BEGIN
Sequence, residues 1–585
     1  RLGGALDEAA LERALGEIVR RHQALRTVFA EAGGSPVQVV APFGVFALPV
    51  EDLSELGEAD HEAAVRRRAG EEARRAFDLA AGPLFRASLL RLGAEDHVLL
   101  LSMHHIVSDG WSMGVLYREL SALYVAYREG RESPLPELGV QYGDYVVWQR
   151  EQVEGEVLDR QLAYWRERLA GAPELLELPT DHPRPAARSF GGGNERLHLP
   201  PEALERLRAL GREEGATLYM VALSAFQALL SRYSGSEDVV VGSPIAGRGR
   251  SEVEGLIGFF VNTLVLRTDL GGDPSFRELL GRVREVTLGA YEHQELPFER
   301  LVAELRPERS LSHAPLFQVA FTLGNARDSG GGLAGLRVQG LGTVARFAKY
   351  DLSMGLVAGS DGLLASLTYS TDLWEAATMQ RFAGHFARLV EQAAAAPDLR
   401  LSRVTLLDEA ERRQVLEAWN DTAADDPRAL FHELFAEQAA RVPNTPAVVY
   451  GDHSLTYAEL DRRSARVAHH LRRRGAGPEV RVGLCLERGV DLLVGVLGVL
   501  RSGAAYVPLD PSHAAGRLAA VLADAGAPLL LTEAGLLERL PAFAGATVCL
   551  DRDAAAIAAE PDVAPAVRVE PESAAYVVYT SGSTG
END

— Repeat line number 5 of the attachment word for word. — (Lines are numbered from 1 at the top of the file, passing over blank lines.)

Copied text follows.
   151  EQVEGEVLDR QLAYWRERLA GAPELLELPT DHPRPAARSF GGGNERLHLP